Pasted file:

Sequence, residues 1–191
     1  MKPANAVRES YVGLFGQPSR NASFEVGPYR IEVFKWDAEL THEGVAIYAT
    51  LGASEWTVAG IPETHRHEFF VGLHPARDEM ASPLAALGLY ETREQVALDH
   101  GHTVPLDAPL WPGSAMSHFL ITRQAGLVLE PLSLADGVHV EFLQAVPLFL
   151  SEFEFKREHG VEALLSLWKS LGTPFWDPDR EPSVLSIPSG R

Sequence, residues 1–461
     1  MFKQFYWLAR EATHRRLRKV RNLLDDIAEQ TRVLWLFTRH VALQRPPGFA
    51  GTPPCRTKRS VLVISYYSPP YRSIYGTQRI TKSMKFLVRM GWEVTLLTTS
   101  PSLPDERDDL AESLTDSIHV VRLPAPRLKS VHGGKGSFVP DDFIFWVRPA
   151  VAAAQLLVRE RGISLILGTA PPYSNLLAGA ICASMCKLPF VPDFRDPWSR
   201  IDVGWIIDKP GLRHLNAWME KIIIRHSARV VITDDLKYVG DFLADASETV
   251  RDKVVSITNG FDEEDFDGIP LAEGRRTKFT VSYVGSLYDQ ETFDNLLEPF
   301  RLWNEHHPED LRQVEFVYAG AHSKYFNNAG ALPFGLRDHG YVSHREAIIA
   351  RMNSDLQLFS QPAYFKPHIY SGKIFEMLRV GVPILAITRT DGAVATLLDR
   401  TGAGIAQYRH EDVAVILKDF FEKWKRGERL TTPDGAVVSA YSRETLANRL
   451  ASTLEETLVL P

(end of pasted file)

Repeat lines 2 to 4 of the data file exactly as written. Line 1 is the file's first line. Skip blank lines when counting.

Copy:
     1  MKPANAVRES YVGLFGQPSR NASFEVGPYR IEVFKWDAEL THEGVAIYAT
    51  LGASEWTVAG IPETHRHEFF VGLHPARDEM ASPLAALGLY ETREQVALDH
   101  GHTVPLDAPL WPGSAMSHFL ITRQAGLVLE PLSLADGVHV EFLQAVPLFL